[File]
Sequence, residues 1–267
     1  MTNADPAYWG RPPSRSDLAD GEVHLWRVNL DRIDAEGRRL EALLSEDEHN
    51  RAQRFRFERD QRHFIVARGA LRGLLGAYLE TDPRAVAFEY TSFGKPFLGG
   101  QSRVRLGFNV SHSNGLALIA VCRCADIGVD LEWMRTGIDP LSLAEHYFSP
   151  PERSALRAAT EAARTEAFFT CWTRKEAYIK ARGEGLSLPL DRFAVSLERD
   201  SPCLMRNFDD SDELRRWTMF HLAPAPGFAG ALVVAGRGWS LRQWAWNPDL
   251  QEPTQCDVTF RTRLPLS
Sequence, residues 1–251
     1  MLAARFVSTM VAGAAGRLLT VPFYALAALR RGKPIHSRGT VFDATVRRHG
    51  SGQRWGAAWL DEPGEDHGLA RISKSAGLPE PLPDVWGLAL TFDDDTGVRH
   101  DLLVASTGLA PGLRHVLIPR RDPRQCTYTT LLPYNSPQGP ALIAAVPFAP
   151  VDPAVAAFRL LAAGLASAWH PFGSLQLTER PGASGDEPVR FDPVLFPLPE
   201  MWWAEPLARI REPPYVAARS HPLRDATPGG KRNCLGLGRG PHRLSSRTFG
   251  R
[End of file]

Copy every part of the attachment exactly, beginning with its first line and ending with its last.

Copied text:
Sequence, residues 1–267
     1  MTNADPAYWG RPPSRSDLAD GEVHLWRVNL DRIDAEGRRL EALLSEDEHN
    51  RAQRFRFERD QRHFIVARGA LRGLLGAYLE TDPRAVAFEY TSFGKPFLGG
   101  QSRVRLGFNV SHSNGLALIA VCRCADIGVD LEWMRTGIDP LSLAEHYFSP
   151  PERSALRAAT EAARTEAFFT CWTRKEAYIK ARGEGLSLPL DRFAVSLERD
   201  SPCLMRNFDD SDELRRWTMF HLAPAPGFAG ALVVAGRGWS LRQWAWNPDL
   251  QEPTQCDVTF RTRLPLS
Sequence, residues 1–251
     1  MLAARFVSTM VAGAAGRLLT VPFYALAALR RGKPIHSRGT VFDATVRRHG
    51  SGQRWGAAWL DEPGEDHGLA RISKSAGLPE PLPDVWGLAL TFDDDTGVRH
   101  DLLVASTGLA PGLRHVLIPR RDPRQCTYTT LLPYNSPQGP ALIAAVPFAP
   151  VDPAVAAFRL LAAGLASAWH PFGSLQLTER PGASGDEPVR FDPVLFPLPE
   201  MWWAEPLARI REPPYVAARS HPLRDATPGG KRNCLGLGRG PHRLSSRTFG
   251  R